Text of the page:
The Beverly LaHaye Institute, the research arm of Concerned Women for America, drives home this point, arguing that the government should have considered:
"the documented negative effects the widespread availability of contraceptives has on women's ability to enter into and maintain desired marital relationships. This in turn leads to decreased emotional wellbeing and economic stability (out-of-wedlock childbearing being a chief predictor of female poverty), as well as deleterious physical health consequences arising from, inter alia, sexually transmitted infections and domestic violence."
And so, as the AFLC argues, contraceptives of all kinds aren't medical or related to health care at all. They are "procedures involving gravely immoral practices." Protected sex demeans women by making men disrespect them. (Just as Pope Paul VI did decades ago, the AFLC presents this as true inside marriage as well as out.) By separating sex from childbearing, birth control is to blame for the erosion of marriage, for the economic difficulties of single motherhood, and even for the rotten behavior of men who beat their girlfriends and wives. Birth control is the original sin of modernity. Its widespread availability changed everything, for the worse.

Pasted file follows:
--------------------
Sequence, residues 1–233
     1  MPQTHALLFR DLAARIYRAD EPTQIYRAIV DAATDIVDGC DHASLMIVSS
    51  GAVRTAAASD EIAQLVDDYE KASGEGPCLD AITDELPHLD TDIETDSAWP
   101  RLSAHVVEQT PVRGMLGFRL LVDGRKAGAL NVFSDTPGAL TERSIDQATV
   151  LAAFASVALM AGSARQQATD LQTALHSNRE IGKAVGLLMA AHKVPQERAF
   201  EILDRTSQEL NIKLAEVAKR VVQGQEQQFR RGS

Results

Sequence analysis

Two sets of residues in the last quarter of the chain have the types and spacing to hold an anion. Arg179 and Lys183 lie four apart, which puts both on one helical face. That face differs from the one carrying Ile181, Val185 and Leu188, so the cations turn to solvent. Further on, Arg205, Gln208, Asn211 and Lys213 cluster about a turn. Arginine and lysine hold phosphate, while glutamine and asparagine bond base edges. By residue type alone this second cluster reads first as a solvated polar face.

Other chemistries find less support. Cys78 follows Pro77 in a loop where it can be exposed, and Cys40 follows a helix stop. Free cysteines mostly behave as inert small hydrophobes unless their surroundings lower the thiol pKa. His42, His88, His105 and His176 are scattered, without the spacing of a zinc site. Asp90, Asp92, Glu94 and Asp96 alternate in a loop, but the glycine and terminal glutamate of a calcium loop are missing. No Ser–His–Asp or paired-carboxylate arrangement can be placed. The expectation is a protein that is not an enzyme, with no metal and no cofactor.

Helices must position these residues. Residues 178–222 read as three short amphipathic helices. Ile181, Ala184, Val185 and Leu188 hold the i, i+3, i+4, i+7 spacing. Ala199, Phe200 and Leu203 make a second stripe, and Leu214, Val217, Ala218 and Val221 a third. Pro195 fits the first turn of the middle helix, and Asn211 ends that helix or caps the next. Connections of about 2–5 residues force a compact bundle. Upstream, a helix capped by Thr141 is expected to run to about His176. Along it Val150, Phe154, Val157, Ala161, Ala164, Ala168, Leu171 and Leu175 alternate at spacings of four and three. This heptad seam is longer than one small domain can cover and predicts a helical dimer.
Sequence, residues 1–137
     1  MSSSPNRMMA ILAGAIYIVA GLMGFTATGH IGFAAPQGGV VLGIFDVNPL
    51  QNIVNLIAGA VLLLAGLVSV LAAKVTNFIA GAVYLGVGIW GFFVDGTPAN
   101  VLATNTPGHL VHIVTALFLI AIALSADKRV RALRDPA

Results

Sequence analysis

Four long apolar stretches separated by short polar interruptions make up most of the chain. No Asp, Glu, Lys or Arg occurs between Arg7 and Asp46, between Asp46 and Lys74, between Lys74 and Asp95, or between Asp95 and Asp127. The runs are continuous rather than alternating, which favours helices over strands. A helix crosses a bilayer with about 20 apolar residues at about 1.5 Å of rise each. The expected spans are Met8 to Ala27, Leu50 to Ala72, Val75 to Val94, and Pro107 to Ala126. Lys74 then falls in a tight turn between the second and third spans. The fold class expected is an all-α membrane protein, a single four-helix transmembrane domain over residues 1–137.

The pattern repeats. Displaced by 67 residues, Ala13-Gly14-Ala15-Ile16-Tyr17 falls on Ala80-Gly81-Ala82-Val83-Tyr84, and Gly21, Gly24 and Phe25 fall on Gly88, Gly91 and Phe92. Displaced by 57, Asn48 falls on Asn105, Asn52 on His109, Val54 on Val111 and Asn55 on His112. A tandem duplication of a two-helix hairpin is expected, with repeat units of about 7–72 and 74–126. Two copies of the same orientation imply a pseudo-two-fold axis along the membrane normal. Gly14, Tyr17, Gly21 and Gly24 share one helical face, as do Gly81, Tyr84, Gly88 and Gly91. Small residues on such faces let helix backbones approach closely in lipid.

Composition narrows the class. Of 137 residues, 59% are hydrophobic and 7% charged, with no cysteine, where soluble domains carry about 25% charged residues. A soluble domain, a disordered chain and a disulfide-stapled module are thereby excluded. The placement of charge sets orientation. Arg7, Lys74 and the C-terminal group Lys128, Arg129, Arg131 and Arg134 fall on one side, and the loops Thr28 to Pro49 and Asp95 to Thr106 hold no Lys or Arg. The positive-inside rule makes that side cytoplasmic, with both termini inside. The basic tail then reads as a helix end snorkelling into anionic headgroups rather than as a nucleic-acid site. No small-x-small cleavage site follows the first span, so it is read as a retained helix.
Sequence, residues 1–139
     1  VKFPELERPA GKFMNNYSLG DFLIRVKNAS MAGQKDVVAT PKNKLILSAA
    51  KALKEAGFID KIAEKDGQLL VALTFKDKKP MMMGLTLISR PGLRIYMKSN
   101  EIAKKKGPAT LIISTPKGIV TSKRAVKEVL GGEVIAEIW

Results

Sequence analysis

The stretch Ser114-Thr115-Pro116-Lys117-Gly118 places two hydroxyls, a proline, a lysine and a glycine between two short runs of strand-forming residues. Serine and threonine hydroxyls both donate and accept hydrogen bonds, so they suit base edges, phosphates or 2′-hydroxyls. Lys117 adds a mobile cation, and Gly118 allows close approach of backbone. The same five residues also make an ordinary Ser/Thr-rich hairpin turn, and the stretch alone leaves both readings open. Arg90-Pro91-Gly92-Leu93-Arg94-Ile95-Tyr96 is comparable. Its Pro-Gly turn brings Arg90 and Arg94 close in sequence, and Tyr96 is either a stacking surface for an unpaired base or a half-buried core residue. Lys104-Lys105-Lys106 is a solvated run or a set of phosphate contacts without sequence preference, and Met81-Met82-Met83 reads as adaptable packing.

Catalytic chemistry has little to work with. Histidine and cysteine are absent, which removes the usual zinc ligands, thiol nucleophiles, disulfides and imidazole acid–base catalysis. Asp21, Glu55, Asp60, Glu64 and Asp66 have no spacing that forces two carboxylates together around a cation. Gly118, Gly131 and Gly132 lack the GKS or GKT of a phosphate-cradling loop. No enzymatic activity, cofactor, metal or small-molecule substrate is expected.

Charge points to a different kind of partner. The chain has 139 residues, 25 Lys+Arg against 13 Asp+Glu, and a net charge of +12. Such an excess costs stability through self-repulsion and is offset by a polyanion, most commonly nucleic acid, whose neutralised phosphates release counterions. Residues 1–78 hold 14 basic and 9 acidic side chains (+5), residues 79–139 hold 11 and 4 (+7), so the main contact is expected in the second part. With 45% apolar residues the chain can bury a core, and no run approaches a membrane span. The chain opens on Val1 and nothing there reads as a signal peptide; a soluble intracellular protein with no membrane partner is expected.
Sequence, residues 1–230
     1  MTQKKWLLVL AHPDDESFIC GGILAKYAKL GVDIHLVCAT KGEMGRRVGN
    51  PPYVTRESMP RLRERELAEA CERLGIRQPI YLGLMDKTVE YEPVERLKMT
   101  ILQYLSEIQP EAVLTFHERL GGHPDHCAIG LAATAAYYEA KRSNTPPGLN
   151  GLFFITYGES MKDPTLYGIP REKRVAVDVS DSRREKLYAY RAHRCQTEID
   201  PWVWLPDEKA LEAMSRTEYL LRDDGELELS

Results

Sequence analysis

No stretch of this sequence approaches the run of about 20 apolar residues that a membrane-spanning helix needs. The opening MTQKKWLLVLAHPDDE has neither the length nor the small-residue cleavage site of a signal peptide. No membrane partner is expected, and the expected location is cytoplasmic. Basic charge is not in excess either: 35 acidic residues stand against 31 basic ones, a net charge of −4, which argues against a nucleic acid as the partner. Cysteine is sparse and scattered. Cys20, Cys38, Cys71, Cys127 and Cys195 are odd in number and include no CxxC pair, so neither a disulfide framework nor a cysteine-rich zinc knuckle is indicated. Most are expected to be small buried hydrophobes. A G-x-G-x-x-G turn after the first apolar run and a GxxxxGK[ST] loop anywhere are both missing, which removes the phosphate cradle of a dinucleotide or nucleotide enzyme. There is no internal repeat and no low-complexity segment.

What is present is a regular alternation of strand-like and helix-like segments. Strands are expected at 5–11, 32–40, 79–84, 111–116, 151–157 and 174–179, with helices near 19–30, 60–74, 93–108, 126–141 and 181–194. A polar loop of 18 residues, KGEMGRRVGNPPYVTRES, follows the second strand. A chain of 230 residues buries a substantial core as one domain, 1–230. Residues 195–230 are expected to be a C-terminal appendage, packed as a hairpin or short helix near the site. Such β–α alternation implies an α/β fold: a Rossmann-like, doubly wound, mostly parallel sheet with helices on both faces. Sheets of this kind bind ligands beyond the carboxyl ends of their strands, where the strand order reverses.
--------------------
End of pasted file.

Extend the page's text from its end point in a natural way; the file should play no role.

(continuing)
While these amicus briefs don't necessarily represent either the litigants or society at large (the actual plaintiffs in the Hobby Lobby case aren't Catholic, and American Catholics appear to have rejected the "immoral[ity]" of birth control), they are reminiscent of right-wing media's long opposition to the contraception mandate.
For example, in a recent segment on Fox News' Fox & Friends, Elisabeth Hasselbeck hosted Ralph Reed to expound on how the policies of the Obama administration have put the nation on a path towards "moral decay." Reed specifically complained that Obama's policies, like the contraception mandate, are "openly hostile to Christians and their right to speak in public":